Back in Tokyo now, the cherry trees are just beginning to announce spring, but a few days ago in Shirakawa it was still deep mid-winter. We arrived in a blizzard and sub-zero temperatures, and shivered our way around the village.
We had arranged to meet up with Ryuhei Nonaka, an architect who has been involved in the restoration and upkeep of Shirakawa’s traditional houses for 30 years. After a couple of fascinating hours at Nakano-san’s office learning about how the houses are built, we headed off through the snow in his 4WD to Shirakawa village.
Our first stop was the Shirakawago Michi no Eki, where eki-cho Hirokazu Shiroki showed us round the fantastic full-scale reconstruction of a gassho-style house, stripped bare in parts so you can see quite clearly how they were originally put together with whatever materials were at hand, the beams bound tight with straw rope. It’s a method that doesn’t require skilled training in carpentry, meaning the villagers, mostly forester-farmers, could construct the massive, elaborate homes themselves, without professional help.
Next we were shown round the library
And then lunch, where we were treated to an off-the-menu special — bear soup! Hunting has always been a vital part of mountain life, but sadly the current sorry state of Japan’s forests means nowadays bears and other wildlife live closer and closer to human towns and villages, unable to find food in the mountains. You’re unlikely to find bear on the menu often, not least because the meat is very strong, but prepared right it can be delicious, and our soup was certainly great. Thank you, Mr Bear!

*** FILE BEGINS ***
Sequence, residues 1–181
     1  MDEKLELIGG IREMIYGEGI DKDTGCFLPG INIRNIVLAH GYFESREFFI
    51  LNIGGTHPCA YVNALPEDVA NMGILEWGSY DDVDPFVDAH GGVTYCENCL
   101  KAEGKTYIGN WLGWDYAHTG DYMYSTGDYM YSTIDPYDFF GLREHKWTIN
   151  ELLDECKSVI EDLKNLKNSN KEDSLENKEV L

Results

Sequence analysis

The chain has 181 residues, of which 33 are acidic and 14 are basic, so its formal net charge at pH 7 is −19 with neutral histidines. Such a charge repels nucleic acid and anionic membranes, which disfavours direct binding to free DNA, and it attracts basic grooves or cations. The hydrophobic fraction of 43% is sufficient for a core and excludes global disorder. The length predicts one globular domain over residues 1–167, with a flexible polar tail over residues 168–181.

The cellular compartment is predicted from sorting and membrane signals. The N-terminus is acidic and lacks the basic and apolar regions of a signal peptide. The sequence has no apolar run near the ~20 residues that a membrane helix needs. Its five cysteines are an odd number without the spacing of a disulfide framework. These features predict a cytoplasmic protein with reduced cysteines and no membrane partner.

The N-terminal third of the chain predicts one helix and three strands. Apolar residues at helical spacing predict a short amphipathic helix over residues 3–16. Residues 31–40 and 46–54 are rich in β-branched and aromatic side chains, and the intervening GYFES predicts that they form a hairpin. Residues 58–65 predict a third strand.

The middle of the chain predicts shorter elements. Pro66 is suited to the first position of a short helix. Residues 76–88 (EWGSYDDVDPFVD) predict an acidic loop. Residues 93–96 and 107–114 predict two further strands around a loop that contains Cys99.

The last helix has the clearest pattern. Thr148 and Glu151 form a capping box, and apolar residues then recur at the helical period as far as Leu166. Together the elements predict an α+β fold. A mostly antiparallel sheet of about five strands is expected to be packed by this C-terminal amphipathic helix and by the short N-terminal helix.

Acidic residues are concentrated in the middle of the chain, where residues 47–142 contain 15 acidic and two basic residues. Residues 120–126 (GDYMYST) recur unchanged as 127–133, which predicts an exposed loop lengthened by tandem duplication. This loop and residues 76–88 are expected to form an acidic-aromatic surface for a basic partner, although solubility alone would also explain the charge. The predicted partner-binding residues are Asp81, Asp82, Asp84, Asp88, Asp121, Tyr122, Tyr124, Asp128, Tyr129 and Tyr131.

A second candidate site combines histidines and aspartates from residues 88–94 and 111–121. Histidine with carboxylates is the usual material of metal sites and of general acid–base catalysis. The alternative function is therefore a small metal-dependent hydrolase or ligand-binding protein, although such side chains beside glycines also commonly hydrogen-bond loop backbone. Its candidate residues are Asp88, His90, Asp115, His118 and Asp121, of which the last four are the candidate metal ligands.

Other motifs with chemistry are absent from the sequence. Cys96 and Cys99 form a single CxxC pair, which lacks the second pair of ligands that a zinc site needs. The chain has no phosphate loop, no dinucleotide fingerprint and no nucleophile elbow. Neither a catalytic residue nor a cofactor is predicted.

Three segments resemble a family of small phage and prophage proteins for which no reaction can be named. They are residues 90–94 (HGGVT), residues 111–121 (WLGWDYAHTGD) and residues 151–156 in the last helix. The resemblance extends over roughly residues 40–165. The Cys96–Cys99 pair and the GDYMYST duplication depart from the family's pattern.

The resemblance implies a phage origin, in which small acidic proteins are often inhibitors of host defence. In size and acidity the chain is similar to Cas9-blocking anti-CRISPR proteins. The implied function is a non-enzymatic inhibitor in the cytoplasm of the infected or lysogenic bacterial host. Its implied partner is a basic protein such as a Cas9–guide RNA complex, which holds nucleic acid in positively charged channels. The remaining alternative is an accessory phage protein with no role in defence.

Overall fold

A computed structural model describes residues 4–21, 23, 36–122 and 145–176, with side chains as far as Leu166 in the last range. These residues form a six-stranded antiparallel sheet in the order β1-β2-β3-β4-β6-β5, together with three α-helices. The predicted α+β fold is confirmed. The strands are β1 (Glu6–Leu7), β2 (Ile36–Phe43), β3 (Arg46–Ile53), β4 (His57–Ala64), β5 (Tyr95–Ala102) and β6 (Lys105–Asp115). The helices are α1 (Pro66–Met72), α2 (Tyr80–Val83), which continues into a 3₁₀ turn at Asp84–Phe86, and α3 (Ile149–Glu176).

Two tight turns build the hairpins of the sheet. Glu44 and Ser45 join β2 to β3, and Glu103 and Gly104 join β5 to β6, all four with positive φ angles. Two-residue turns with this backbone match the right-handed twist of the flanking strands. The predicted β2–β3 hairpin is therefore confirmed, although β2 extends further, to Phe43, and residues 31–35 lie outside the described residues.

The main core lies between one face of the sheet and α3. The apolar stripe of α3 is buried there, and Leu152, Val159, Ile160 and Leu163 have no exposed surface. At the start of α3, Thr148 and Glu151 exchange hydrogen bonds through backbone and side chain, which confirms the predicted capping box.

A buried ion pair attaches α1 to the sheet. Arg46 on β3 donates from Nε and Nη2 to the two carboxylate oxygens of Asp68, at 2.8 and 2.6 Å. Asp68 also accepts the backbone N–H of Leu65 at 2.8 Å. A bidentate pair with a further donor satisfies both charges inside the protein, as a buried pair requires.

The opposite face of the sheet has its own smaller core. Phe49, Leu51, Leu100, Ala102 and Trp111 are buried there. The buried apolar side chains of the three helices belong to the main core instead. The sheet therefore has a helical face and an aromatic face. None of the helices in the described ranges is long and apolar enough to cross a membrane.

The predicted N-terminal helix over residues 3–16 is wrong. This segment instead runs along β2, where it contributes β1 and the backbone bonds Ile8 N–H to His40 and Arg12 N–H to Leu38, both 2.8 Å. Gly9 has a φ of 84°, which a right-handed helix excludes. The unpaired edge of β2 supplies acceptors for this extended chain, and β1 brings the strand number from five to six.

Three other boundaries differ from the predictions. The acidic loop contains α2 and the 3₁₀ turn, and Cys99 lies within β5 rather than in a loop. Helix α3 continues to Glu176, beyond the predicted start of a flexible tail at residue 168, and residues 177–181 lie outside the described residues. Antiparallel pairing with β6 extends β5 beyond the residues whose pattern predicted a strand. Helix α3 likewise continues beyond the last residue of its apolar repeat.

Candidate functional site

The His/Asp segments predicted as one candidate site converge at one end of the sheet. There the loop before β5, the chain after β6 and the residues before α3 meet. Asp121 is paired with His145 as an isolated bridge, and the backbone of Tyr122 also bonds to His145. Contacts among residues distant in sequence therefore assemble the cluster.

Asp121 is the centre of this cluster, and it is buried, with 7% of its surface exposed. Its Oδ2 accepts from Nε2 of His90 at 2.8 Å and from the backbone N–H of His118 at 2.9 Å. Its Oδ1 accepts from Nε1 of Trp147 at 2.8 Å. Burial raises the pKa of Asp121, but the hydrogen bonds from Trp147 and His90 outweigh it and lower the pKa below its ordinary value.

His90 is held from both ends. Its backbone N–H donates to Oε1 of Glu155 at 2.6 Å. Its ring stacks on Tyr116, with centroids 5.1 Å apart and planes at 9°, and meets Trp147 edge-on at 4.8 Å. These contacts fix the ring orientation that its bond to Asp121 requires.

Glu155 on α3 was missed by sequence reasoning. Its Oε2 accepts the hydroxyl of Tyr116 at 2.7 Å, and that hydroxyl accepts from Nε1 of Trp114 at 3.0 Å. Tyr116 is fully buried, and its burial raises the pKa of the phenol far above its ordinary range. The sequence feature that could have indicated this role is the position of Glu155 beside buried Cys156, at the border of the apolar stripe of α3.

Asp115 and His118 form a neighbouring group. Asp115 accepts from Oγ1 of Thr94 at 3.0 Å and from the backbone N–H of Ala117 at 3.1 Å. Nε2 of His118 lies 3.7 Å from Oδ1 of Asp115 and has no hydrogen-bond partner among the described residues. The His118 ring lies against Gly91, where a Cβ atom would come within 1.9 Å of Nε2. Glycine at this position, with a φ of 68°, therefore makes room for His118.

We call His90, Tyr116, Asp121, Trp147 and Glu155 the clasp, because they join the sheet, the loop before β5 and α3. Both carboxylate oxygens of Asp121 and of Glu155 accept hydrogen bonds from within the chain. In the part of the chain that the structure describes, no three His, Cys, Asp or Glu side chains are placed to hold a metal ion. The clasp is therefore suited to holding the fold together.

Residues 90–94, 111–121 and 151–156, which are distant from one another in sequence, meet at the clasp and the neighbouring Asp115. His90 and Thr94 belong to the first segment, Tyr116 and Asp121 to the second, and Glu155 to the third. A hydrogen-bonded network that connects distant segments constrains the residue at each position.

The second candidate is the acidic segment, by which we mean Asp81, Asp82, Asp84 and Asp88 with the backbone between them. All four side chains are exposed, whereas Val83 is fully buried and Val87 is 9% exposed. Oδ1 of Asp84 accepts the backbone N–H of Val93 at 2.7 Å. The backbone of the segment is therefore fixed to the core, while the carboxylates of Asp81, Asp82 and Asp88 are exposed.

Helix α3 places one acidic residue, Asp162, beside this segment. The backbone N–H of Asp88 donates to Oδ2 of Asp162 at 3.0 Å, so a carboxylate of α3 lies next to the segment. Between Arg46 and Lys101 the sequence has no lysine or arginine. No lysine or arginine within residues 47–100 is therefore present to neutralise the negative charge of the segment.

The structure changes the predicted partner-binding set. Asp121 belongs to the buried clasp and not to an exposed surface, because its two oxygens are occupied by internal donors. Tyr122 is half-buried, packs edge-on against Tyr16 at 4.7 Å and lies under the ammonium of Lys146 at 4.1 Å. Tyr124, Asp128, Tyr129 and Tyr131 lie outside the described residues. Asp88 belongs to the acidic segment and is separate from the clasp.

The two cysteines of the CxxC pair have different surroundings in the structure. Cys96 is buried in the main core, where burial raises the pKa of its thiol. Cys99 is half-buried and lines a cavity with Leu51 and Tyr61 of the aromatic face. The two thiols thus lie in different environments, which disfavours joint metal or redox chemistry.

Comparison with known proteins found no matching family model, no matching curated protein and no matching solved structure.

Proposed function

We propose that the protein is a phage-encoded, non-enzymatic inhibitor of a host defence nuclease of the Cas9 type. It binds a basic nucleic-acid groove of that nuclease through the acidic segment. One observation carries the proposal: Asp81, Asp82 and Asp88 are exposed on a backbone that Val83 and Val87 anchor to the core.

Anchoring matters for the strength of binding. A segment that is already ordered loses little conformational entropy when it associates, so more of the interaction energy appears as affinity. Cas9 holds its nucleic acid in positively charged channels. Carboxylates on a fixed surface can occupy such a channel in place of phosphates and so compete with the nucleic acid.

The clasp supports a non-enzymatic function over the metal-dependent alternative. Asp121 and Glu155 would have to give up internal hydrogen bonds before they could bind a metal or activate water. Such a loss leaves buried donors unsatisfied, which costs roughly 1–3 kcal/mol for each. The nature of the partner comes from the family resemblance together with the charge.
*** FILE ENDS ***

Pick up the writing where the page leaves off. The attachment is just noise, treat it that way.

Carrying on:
After lunch we joined up with Kazuya Iwamoto from the Shirakawa tourist association, and we all trudged though the snow among the tourists who had come for the weekend from all over the world despite the weather. Inside the houses, which are still family homes despite being open to the public, Nonaka and Iwamoto explained in more detail how the houses are built, and the issues involved in maintaining the village as a tourist attraction. Each little detail in each house has a specific function, and… well, more of that in the book!
Shirakawa-go was designated a preservation area in 1975 in Japan, and then in 1995 it was among the first UNESCO World Heritage Sites designated in Japan, after Horyuji temple in Nara, Himeji Castle, and Kyoto. The most recent addition, of course, is Mt. Fuji. The interesting thing about Mt. Fuji is that, despite being a mountain, it is registered as a cultural site, and not a natural one, reflecting its importance as a sacred place in Japan. But spend a day clambering about the roof-timbers of the Shirakawa houses, and seeing the amazing use of local natural materials, and you might be forgiven for wondering if they shouldn’t be registered the other way round too — as natural heritage, not just cultural.
Thank you to Ryuhei Nonaka, Kazuya Iwamoto and Hirokazu Shiroki for braving the cold and showing us around!